It isn’t surprising that under 5 percent of cars on Martha’s Vineyard are either electric or hybrid electric. It’s unfortunate, but given how long the combustion engine has reigned supreme, we can give ourselves some slack.
A new state database recently released is tracking how well each municipality is doing when it comes to making the switch. The 5 percent of Vineyard vehicles is out of the nearly 27,000 registered total. Not a significant percentage by any means, given where we are headed. The future of electric cars is no longer a hippie pipe dream, but a mandated future that’s coming fast. If you want to drive a car, it will likely be electric in the next decades.
California, one of the largest car markets in the world, wants 100 percent of new cars and light trucks sold to be zero-emission vehicles by 2035. Regulators made the decision amid a changing climate, saying that 50 percent of carbon emissions are from vehicles.
California’s decision will have, and is having, a large impact across the country. Massachusetts has also pledged that all new cars on the market will be electric by 2035. And Martha’s Vineyard, with its own pledge, is attempting to be emission-free by 2040.
The Vineyard is actually primed to be an ideal location to go electric, given its size and layout. The switch is attainable, and probably easier than most people think.
The biggest hurdles for the transition to an electric vehicle are “range anxiety,” cost, supply, and general unawareness.
“Range anxiety” is the fear that you might run out of power in the middle of a drive. It’s an understandable fear. Public charging stations aren’t ubiquitous, like gas stations. Towns across the Island have set up recharging infrastructure that’s open to the public, but they aren’t everywhere.
Because the Vineyard is relatively small, there isn’t a great need for locals to have access to public charging infrastructure. Tourists coming to the Island, yes, but most of us here live in single-family homes, where setting up our own charging station is fairly easy and inexpensive. And a charge overnight will get you where you need to go on the Island. All you need is an outlet and electricity. New electric cars now get about 300 miles on a charge. So unless you’re driving around the Island several times, range anxiety shouldn’t be a major concern.
As for supply, major car companies have only recently begun to fully endorse the idea of electric, likely after California’s major decision. With a slow supply chain, it’s been difficult to buy electric. But that is changing.
According to the latest Global EV Outlook, a total of 14 percent of all new cars sold across the world were electric in 2022, up from around 9 percent in 2021, and less than 5 percent in 2020. The report also found that 2.3 million electric cars were sold in the first quarter this year across the world, about 25 percent more than in the same period last year. Production is ramping up.
Anecdotal evidence: The car commercials during the latest Super Bowl were largely for electric vehicles. They are coming, and they will be more available.
As for the cost, with more cars arriving on the market, the price will ultimately come down. There are also federal and state incentives that make the costs comparable to the combustion engine. And as we get closer to 2035, more used electric cars will be available at a lower price.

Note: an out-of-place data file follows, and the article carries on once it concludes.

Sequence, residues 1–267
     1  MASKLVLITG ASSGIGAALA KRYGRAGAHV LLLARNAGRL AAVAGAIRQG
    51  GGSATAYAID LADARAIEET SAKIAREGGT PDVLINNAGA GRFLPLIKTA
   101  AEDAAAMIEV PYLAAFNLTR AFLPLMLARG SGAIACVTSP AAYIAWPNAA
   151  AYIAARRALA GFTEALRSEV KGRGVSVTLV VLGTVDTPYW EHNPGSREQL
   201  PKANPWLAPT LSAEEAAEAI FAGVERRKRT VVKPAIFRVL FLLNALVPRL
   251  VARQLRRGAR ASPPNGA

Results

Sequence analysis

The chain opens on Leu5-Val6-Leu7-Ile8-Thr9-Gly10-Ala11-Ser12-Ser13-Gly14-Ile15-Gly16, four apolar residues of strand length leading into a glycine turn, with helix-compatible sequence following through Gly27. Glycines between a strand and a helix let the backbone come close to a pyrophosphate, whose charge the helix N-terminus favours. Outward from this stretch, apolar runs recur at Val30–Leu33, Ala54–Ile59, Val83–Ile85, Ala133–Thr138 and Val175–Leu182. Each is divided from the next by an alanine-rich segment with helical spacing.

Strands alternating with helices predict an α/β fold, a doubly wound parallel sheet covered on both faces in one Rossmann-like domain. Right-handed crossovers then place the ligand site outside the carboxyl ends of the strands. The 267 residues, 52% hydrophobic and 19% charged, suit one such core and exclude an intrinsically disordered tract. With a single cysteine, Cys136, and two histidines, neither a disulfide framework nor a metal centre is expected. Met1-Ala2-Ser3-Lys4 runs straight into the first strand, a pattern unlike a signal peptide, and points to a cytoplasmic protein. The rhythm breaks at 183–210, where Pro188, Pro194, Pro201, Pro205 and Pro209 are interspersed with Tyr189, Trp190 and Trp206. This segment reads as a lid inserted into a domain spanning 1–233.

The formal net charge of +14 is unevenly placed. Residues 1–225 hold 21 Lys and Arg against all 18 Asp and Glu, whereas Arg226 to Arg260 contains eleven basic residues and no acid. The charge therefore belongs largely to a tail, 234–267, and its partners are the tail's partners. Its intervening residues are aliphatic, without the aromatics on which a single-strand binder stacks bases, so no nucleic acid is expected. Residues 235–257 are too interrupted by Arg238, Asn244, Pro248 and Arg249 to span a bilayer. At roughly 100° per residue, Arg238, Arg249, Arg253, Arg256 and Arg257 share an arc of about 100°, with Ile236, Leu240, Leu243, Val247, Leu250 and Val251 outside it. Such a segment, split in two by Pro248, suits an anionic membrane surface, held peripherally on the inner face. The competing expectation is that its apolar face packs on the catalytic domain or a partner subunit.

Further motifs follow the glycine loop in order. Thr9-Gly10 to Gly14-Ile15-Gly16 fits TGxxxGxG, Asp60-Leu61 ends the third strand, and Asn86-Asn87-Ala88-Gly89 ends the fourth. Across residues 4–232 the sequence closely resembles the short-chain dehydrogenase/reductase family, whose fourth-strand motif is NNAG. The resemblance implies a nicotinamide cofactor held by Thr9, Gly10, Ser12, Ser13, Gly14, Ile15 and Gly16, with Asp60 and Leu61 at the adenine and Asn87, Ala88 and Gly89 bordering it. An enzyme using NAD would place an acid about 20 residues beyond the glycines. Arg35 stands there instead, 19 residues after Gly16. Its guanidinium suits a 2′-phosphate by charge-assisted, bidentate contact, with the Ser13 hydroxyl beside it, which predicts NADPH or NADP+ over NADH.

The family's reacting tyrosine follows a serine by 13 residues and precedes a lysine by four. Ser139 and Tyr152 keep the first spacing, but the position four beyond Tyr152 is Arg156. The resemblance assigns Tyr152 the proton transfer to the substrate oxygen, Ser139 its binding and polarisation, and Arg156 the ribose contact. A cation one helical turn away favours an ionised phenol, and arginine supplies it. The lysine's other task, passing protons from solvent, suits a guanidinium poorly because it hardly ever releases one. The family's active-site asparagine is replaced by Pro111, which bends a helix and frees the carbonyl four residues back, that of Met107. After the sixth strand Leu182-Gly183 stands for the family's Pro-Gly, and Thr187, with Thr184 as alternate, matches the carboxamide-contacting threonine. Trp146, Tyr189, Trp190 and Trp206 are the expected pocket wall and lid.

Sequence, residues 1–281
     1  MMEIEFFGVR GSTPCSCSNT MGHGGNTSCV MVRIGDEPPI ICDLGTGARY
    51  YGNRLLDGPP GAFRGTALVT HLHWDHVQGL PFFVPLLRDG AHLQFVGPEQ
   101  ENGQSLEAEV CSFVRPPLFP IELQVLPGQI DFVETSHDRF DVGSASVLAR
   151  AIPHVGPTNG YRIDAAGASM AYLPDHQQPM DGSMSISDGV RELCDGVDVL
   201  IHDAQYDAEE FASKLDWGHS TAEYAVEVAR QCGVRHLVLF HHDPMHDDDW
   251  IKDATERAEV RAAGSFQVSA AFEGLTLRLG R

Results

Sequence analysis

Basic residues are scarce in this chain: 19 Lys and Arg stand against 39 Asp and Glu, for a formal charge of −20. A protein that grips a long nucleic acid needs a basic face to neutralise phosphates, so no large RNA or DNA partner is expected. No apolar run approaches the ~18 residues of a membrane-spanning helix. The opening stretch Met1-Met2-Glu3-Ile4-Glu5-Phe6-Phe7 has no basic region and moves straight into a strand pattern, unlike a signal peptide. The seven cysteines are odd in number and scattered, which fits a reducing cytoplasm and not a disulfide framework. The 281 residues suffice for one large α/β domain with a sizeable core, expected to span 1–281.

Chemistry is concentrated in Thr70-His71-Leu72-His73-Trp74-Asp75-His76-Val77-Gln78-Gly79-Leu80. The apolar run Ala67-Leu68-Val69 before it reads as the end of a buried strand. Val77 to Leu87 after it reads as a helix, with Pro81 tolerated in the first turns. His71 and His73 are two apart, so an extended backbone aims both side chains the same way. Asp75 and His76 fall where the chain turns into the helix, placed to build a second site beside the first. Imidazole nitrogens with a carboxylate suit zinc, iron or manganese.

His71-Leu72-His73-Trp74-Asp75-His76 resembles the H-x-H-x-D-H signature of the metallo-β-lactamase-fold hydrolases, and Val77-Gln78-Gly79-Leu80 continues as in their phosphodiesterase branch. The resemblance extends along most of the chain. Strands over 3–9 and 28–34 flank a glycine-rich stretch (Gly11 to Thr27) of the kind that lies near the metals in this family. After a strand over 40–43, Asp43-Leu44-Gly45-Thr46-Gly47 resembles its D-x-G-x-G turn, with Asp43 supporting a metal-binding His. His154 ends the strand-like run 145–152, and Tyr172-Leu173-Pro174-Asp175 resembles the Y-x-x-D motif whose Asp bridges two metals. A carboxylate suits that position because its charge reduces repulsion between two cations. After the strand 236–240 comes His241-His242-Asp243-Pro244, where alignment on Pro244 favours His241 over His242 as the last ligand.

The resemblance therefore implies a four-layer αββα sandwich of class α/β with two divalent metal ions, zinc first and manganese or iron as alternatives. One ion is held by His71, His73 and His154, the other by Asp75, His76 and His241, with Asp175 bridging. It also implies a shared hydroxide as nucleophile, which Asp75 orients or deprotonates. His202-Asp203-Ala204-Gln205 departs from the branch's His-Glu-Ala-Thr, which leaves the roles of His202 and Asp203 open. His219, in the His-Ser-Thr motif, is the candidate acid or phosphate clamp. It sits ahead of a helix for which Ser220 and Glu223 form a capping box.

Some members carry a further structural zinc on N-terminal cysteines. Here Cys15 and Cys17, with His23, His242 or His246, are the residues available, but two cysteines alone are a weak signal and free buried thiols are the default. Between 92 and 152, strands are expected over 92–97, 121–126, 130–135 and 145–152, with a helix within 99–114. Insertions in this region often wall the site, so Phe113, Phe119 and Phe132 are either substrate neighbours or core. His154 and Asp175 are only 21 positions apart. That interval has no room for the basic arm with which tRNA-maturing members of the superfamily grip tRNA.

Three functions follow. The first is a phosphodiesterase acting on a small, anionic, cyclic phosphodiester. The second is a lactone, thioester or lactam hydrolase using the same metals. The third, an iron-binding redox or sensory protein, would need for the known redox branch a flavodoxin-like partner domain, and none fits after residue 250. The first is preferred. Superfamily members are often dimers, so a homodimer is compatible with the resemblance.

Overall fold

For the Vineyard to get beyond that 5 percent mark, public awareness will likely make the biggest difference. Bill Lake, member of the Aquinnah Energy and Climate Committee, helped set up a car show on the Vineyard during Earth Day this year, when about 20 residents brought their electric cars for a little show-and-tell. He says that beyond making the switch for ethical reasons or for costs, neighbors seeing their neighbors drive an electric car will have the biggest impact.
Agree or not, it certainly can’t hurt. These types of initiatives are strongly encouraged, and could go a long way in convincing Islanders that going electric is the smart option.
As for the benefits of driving electric, aside from the obvious climate benefits: maintenance issues tend to be far fewer without the the complication of a combustion engine; the torque on electric cars is impressive; air quality will likely improve in major cities; and you don’t need to stop at a gas station ever again.
Beyond locals having their own electric cars, more could be done to encourage public and private entities to make the switch. The Steamship Authority hasn’t given us much hope they are endorsing a fossil-fuel-free future, and that’s unfortunate. The state and towns could push harder for rental agencies to offer electric options. And taxis and ride-share companies could do a better job promoting electric.
Where credit is due, the Vineyard Transit Authority has made gains adding electric buses to its fleet.
Still, there are some complications and questions to think about as we aim toward the golden age of electric vehicles. There are issues with mining for minerals for car batteries. Can our grind sustain the emergence of electric cars? Also, is the electricity we use to charge our cars just burning more fossil fuels?
We are making strides in these areas and it will take time, but the reality is, the world needs to shed its addiction to oil. The climate is already changing, which is impacting lives daily.
Part of the transition comes down to individuals making choices. So consider buying electric the next time you’re in the market for a car.